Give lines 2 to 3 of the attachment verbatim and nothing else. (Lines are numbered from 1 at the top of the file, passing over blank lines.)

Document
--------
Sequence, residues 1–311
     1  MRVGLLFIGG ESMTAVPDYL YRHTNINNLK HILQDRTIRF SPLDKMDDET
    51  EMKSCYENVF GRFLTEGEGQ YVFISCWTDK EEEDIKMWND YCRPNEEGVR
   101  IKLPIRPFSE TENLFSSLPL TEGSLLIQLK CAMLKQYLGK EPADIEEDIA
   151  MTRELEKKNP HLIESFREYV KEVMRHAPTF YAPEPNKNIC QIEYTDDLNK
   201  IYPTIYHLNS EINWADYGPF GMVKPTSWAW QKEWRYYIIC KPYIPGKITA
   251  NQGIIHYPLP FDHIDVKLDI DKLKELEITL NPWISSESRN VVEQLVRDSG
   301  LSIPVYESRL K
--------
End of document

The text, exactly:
     1  MRVGLLFIGG ESMTAVPDYL YRHTNINNLK HILQDRTIRF SPLDKMDDET
    51  EMKSCYENVF GRFLTEGEGQ YVFISCWTDK EEEDIKMWND YCRPNEEGVR